Introduction to Virtualisation: What Is a Hypervisor?

Written by Coursera Staff • Updated on

Learn what a hypervisor is, what they’re used for, how to work with them, and other FAQs about virtualisation.

[Featured Image] A person stands in a room full of servers examining a laptop computer.

Virtualisation technology makes it possible to separate hardware resources like CPU and storage from physical computers. Most famously, it’s the foundation of cloud computing. Hypervisors play a key role in the process of virtualisation. The following article explores hypervisor use cases, types, benefits, and disadvantages. 

What is a hypervisor?

A hypervisor is a thin virtual machine monitor (VMM) software layer. Before their existence, most computers could only run one operating system (OS) at a time. With a hypervisor, you can run multiple operating systems using one host machine. This practice helps reduce the waste of computational resources. 

What is the primary function of a hypervisor?

Hypervisors separate a system's operating system (OS) and resources from the physical machine. They organise these separated resources into files called virtual machines (VMs). Then, they assign computing power, data, and storage to each one. A hypervisor prohibits the files from interfering with one another, thereby maintaining the system. 

Types of hypervisors

Type 1 hypervisor

A type 1 hypervisor is sometimes called a native hypervisor or a bare-metal hypervisor. Its pseudonyms are derived from the method of installation. Bare-metal hypervisors are installed and run directly on the physical hardware of a computer.

Pro: Programs and software typically go through an OS layer to reach hardware resources like CPU and memory. Since a type 1 hypervisor has direct access to the physical computer, it's fast, secure, and efficient. 

Con: Type 1 hypervisors may require a dedicated machine separate from the host hardware. This secondary machine is needed to instruct the virtual machines and control hardware resources. 

Type 2 hypervisor

Type 2 hypervisors run like applications through the OS of the physical machine. This type of hypervisor is also known as an embedded hypervisor or a hosted hypervisor. Unlike type 1 hypervisors, hosted hypervisors don't have direct access to the underlying hardware. They must go through the hardware's OS to interact with its physical resources. 

Pro: Type 2 hypervisor setup is quicker and easier because operating systems are more user-friendly. 

Con: Latency issues such as lagging are more common among type 2 hypervisors. They also tend to need to be more secure. Both of these issues exist because hosted hypervisors must access hardware resources indirectly through an OS. If the hardware's OS is compromised, the OS of any virtual machines the hypervisor has created will be compromised, too. 

What is a hypervisor used for?

It is unlikely that a single OS would occupy all of a computer's resources. However, multiple operating systems running alongside each other (VMs) can. Hypervisor technology allows more use of a system's available resources. They save space and maintenance by creating independent operating systems that share the resources of a single machine.

What is the difference between a hypervisor and a virtual machine?

Virtual machines are files that recreate the computing environment of a physical computer. A hypervisor is software that runs these files. Hypervisors allocate hardware resources to virtual machines and ensure they remain independent from one another, thereby maintaining the system. An excellent way to conceptualise the relationship between the two is to imagine hypervisors as the platform virtual machines must operate.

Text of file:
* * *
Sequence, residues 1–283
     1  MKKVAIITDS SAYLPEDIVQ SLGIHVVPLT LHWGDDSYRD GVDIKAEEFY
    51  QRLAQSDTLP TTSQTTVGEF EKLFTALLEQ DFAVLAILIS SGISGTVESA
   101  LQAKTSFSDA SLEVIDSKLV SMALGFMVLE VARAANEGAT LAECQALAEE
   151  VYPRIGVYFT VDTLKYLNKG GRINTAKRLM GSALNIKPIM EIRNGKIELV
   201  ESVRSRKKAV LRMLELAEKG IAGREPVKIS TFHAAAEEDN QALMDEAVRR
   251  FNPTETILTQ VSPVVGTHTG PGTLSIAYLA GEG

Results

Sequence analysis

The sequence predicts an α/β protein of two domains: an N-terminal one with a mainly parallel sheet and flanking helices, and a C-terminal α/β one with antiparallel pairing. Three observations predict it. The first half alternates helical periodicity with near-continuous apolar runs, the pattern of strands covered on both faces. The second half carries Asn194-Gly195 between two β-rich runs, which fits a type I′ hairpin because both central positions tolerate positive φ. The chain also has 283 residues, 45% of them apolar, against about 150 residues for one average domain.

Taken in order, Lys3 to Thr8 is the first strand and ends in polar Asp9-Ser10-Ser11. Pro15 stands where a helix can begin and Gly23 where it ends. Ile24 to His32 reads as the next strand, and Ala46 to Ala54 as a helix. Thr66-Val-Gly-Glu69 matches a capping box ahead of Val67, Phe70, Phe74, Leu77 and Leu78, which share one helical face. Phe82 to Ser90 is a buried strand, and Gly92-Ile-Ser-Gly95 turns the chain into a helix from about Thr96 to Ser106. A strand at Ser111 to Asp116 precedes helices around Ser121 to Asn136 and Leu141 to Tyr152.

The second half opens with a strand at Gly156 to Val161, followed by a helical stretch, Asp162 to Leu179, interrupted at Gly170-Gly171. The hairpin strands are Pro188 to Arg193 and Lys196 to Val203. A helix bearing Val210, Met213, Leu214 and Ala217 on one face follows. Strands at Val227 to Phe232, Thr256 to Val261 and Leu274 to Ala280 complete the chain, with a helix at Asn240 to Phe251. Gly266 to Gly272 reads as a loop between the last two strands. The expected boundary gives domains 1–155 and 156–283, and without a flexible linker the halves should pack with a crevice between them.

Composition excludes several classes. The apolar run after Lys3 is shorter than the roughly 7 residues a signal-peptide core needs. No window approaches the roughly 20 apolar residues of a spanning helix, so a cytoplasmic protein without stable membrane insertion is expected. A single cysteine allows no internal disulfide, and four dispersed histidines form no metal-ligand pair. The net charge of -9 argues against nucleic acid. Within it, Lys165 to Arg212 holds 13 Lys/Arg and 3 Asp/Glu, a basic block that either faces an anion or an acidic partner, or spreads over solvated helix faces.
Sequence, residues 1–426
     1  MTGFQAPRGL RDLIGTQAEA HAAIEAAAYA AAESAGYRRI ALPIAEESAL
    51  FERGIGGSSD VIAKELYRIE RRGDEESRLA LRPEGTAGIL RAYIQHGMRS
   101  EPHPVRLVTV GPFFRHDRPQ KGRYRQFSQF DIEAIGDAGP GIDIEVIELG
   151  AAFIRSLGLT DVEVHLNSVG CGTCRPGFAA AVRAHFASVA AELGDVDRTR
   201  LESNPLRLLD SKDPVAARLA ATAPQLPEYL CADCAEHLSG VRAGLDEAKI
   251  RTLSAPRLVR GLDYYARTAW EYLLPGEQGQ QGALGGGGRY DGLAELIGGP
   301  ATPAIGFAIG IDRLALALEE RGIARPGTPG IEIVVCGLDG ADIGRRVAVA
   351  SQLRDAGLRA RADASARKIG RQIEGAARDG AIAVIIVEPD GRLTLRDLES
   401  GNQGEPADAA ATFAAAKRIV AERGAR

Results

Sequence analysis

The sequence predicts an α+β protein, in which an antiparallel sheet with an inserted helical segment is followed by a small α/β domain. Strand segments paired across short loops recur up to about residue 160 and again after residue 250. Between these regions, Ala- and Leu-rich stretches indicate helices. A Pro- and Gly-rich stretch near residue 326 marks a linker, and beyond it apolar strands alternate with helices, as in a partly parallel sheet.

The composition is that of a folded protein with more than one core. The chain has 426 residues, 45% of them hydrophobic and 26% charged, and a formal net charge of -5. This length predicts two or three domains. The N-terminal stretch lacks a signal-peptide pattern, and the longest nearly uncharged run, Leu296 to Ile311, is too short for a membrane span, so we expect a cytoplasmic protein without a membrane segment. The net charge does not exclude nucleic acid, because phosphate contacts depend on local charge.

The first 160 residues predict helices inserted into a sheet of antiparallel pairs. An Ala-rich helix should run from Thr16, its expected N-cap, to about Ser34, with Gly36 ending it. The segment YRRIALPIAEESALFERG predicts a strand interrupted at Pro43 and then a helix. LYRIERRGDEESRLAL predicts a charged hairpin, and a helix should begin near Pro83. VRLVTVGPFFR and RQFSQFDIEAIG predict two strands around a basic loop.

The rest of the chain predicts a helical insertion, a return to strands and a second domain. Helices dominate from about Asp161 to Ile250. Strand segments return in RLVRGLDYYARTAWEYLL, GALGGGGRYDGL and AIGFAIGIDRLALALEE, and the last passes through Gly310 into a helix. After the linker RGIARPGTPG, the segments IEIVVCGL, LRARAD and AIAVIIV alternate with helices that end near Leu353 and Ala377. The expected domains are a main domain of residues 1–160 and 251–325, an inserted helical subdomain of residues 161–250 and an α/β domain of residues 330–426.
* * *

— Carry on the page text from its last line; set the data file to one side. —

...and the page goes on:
How to work with hypervisors

Occupations that work with hypervisors and virtualisation belong to the computer and information technology field. If you want to land a job in computer and information technology, consider obtaining a qualification in a relevant area. Advanced careers in this field may require a graduate degree. Several relevant master’s degrees are offered on Coursera, such as the Master of Computer and Information Technology and a Master of Engineering in Engineering Management degrees offered by top Universities. 

Career paths in virtualisation 

The list below outlines a couple of positions that may work closely with virtualisation technology:

  • Systems engineer: Many system engineers work with hypervisors. Their primary responsibility is overseeing computer systems engineering, management, and security. For this reason, systems engineers should have excellent project management and problem-solving skills. The average total pay for a systems engineer in India is ₹8,12,300 annually [1]. 

  • Virtualisation engineer: Virtual engineers specialise in managing virtual computing platforms. Their duties include migration management, end-user troubleshooting, and the maintenance of hypervisors and virtual machines. Virtualisation engineers must stay current on virtualisation trends and technologies. Professional Certificates in relevant fields of study can be highly beneficial for this position. The annual base pay for virtualisation engineers in India is ₹7,60,000 [2].

You can learn more about operating systems and build your skill set with an online course like Introduction to Operating Systems 1: Virtualisation.

Getting started with Coursera

By taking an online course, Specialisation, or Professional Certificate on Coursera, build a deeper understanding of hypervisors and virtualisation. To learn more about network virtualisation and boost your resume, consider earning a shareable certificate, such as the one gained in Georgia Tech’s Network Function Virtualisation

Article sources


Glassdoor. “Systems Engineer Salaries in India,,15.htm?clickSource=careerNav.” Accessed April 3, 2024.

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